-No More Spoilers-

You may be wondering by this point “What about the idea that Chucky can kill you using the house electronics? That sounded like a really creative idea for this imagining.” And to that I say, you are correct. That does sound like a creative way to kill people, especially in this modern age. Problem is he only uses the power once, and to a character we know literally nothing about other than he is a creep in the basement of an apartment complex. I actually don’t think they ever said his name in the film, but he steals Chucky so he can…resell it. The doll we were told earlier is the old model and that one in particular is broken. But this guy can buy the replacement parts and sell it “big on Ebay.” Of course. And that kill is just a Saw wanna-be. It’s not all that fun to watch, though the death itself is cringe. But that’s it.

At the end of our adventure, one that lasts far too long as it is, our young hero Ben finds some school friends (we never see the school, mind you) that team up to take down the crazed doll. Remember, this has the producers of IT so we got to have our team of children defeat the evil entity. They have to stop Chucky in a climatic final confrontation that saves the day. Does that sound like another…it’s the same ending as IT. They did not even try to hide the similarities.

So here we are. What are we left with? A dull, uninspired remake of a 80’s horror movie. None of the characters are memorable, the script is copy and pasted from better movies, and the film can’t even use it’s own concept in any fun or entertaining ways. The worst part, the actual idea of the original is used way better than this remake. In Child’s Play (1988), as I mentioned earlier, Chucky is a serial killer in the body of a child’s doll. It makes sense that he would sometimes pretend to be a regular doll to trick those around him. He is insane to begin with, and the creative kills utilize the idea that it’s a doll committing the murder. In the 2019 version, Chucky really is just a doll that had its AI messed with so he goes rogue and kills people. But why would he pretend not to be able to talk? Or to just sit there and make it seem like Ben is going crazy? At the beginning of the film you see a commercial advertising the Buddi doll and showing it in various situations where he would be useful. I legit paused several times and theorized about the different ways that scenario could be used later. I was fooled into thinking the writers were trying to use foreshadowing, because none of those scenarios came up even though the film had the building blocks set up.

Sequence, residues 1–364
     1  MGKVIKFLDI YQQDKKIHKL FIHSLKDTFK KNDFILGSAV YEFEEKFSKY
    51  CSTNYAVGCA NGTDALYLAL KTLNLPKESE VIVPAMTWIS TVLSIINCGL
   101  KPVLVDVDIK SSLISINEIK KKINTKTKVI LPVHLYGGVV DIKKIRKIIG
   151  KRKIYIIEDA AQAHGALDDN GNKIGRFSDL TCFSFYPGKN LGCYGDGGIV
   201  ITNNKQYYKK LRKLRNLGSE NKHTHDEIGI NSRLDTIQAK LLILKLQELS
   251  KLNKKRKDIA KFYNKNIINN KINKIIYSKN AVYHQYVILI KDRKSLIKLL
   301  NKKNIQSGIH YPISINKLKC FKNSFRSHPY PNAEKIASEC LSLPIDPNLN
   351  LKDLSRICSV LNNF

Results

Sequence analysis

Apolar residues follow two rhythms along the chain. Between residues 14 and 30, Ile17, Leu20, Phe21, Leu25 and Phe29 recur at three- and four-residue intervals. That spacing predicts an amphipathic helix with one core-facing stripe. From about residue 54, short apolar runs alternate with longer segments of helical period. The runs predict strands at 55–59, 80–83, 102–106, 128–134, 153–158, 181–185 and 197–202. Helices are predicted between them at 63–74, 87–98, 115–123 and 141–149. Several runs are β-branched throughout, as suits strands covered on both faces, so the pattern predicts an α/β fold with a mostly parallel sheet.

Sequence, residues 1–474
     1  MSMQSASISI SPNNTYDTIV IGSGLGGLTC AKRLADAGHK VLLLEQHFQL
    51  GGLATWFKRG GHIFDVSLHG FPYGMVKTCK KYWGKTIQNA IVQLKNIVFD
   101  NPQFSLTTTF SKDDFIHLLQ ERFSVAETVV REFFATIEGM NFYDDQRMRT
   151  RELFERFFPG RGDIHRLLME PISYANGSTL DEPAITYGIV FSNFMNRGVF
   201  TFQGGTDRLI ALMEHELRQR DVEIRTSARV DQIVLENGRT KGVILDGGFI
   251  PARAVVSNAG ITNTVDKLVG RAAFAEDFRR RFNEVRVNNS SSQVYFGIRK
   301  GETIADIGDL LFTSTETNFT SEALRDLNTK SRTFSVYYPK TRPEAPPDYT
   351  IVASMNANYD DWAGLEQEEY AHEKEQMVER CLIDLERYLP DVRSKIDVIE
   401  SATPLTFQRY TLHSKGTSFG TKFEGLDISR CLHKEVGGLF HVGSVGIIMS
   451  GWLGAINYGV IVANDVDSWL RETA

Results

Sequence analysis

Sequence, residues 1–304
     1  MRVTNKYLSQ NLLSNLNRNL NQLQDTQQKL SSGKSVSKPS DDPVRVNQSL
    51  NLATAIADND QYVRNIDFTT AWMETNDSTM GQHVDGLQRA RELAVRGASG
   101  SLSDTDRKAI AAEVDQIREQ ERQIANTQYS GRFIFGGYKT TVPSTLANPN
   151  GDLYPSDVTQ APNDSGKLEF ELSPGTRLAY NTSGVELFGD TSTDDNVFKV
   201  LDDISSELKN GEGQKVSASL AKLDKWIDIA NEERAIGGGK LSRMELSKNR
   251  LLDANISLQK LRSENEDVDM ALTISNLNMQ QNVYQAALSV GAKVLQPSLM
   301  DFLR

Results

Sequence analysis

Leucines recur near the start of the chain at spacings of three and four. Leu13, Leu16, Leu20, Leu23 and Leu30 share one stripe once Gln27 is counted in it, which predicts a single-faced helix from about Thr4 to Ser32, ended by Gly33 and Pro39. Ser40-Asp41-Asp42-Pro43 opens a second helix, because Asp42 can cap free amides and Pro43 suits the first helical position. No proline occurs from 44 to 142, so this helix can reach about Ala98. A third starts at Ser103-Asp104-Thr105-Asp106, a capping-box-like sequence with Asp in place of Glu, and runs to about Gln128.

Nothing about Child’s Play (2019) is good. Even saying aspects are passable is stretching it. Just watch the original. Or put on literally any other horror movie. In fact any other film would be better. Turning the TV off and getting a real doll from the store would be scarier than this. Reading this review about the film is more terrifying than the film itself. In fact thank you for getting this far, I really appreciate it. I feel better, and hopefully saved you about 10 minutes of your life you would have wasted turning on Child’s Play (2019) and realizing how bad it is before turning it off. You’re welcome, and have a safe day.